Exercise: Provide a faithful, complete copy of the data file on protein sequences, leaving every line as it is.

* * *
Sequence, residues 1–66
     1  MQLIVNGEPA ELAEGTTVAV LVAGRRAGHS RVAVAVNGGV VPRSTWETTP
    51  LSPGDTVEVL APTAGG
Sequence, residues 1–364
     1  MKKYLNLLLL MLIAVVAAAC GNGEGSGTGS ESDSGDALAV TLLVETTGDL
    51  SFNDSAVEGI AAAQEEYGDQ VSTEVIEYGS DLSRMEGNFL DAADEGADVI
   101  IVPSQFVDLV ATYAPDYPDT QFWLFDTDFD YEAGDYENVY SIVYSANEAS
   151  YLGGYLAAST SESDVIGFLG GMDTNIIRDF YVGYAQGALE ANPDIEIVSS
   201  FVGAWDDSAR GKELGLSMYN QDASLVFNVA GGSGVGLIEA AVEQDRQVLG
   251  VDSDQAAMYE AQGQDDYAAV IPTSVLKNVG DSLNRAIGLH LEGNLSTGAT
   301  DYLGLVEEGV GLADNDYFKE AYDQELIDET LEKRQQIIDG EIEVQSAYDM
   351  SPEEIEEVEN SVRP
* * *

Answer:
Sequence, residues 1–66
     1  MQLIVNGEPA ELAEGTTVAV LVAGRRAGHS RVAVAVNGGV VPRSTWETTP
    51  LSPGDTVEVL APTAGG
Sequence, residues 1–364
     1  MKKYLNLLLL MLIAVVAAAC GNGEGSGTGS ESDSGDALAV TLLVETTGDL
    51  SFNDSAVEGI AAAQEEYGDQ VSTEVIEYGS DLSRMEGNFL DAADEGADVI
   101  IVPSQFVDLV ATYAPDYPDT QFWLFDTDFD YEAGDYENVY SIVYSANEAS
   151  YLGGYLAAST SESDVIGFLG GMDTNIIRDF YVGYAQGALE ANPDIEIVSS
   201  FVGAWDDSAR GKELGLSMYN QDASLVFNVA GGSGVGLIEA AVEQDRQVLG
   251  VDSDQAAMYE AQGQDDYAAV IPTSVLKNVG DSLNRAIGLH LEGNLSTGAT
   301  DYLGLVEEGV GLADNDYFKE AYDQELIDET LEKRQQIIDG EIEVQSAYDM
   351  SPEEIEEVEN SVRP